autism nutrition

Nutritional therapy in individuals with autism is mostly aimed at reducing symptoms. In addition, nutrition is very important for the healthy growth and development of children.
In some studies, it is seen that the relationship between the brain and the intestine has effects on the development of autism.
Children with autism may be sensitive to the taste, smell, color and texture of food and therefore refuse to eat certain foods. Children with focus problems sit at the table for a long time and may have difficulty in eating. If they do not consume enough nutrients and fluids, digestive problems such as constipation may occur. Medication may affect appetite and thus food consumption. Various dietary practices that are claimed to reduce symptoms in children with autism are also frequently discussed today.
In this regard, we should definitely get support from nutrition and diet experts.

Foods Liked and Chosen by Children with Autism

Some children with autism may only be picky about the color of foods such as yellow or white dishes, rice, potatoes and pasta. Others may prefer a particular texture; some may like plain foods while others may eat crunchy foods. Many children with autism high in carbohydrates, high in fiber food, which interferes with bowel function, causing constipation. Also, children with autism may tend to go days without eating when they don’t get the foods they want.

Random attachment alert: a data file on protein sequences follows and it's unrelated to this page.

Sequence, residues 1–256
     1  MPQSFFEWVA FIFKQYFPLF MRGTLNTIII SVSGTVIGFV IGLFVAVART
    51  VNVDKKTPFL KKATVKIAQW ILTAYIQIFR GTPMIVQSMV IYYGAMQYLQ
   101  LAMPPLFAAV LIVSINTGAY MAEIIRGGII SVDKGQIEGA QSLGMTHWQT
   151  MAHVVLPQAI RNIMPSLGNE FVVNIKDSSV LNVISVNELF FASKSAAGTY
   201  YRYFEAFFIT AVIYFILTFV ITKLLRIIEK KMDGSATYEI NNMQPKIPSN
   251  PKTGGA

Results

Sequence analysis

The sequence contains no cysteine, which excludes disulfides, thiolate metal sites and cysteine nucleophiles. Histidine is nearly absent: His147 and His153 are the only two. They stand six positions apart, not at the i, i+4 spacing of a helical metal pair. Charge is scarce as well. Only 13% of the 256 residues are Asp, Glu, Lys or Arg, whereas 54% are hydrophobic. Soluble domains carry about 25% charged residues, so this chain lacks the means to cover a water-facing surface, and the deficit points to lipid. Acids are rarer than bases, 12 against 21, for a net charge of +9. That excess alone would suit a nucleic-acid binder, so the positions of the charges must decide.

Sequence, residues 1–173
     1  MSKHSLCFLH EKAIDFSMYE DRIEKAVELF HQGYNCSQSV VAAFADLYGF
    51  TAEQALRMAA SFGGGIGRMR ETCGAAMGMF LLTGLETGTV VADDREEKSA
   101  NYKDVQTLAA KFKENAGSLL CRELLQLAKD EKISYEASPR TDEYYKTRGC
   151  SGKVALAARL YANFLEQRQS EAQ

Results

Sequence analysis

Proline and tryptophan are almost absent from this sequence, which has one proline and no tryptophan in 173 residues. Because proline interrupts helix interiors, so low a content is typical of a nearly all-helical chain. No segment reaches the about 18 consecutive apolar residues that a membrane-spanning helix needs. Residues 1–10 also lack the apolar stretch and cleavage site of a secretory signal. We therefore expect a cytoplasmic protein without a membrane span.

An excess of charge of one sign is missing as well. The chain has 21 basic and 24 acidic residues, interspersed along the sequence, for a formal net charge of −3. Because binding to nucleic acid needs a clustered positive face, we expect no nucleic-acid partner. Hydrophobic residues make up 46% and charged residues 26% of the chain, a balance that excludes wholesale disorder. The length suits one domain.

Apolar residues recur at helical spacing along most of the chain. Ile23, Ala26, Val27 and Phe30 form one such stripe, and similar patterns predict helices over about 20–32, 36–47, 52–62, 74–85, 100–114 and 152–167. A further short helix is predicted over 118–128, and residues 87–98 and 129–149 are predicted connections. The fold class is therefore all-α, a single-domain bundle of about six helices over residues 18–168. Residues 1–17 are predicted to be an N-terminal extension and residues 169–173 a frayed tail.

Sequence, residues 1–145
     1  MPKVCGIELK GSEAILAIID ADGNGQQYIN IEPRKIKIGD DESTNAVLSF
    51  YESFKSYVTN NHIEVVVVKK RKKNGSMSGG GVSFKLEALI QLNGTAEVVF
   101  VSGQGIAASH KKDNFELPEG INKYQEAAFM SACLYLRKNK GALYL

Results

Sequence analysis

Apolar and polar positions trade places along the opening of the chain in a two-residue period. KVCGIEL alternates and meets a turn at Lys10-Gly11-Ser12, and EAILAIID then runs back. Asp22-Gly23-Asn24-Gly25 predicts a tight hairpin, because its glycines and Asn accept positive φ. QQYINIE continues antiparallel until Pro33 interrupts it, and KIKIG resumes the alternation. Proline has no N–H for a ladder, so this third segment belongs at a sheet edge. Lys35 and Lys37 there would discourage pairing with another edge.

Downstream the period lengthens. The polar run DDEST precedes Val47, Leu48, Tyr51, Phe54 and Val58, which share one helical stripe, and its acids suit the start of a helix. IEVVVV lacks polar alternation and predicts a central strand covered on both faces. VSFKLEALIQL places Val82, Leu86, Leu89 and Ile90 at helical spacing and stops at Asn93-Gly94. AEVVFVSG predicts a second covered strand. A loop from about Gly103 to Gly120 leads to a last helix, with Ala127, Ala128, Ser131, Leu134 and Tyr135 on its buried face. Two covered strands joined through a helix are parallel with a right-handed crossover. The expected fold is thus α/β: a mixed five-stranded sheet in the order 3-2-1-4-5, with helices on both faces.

Health experts say interventions that re-educate nutrition can help children with autism get in touch with a healthy, balanced diet. While some children with autism may be picky about their diets due to compulsive behaviors, others may experience motor and sensory difficulties that limit their ability to eat a variety of foods. A child with motor problems may have chewing and swallowing problems, so a preference for unnecessary smooth foods should be developed.

According to experts, some children with autism learn to avoid foods because of reflux, stomachache, stomach or intestinal problems. Children with autism with these disorders associate these pains with eating and avoid eating. Children with autism who can verbally or behaviorally communicate their discomfort can tell their parents about it. Research shows that some children, especially nonverbal ones, engage in repetitive behaviors that suggest pain. Other children may show self-harming or aggressive behavior problems when given foods that make them uncomfortable. Many autistic children with mild feeding problems benefit from outpatient care with an occupational or behavioral therapist or a speech and language pathologist, with positive results.

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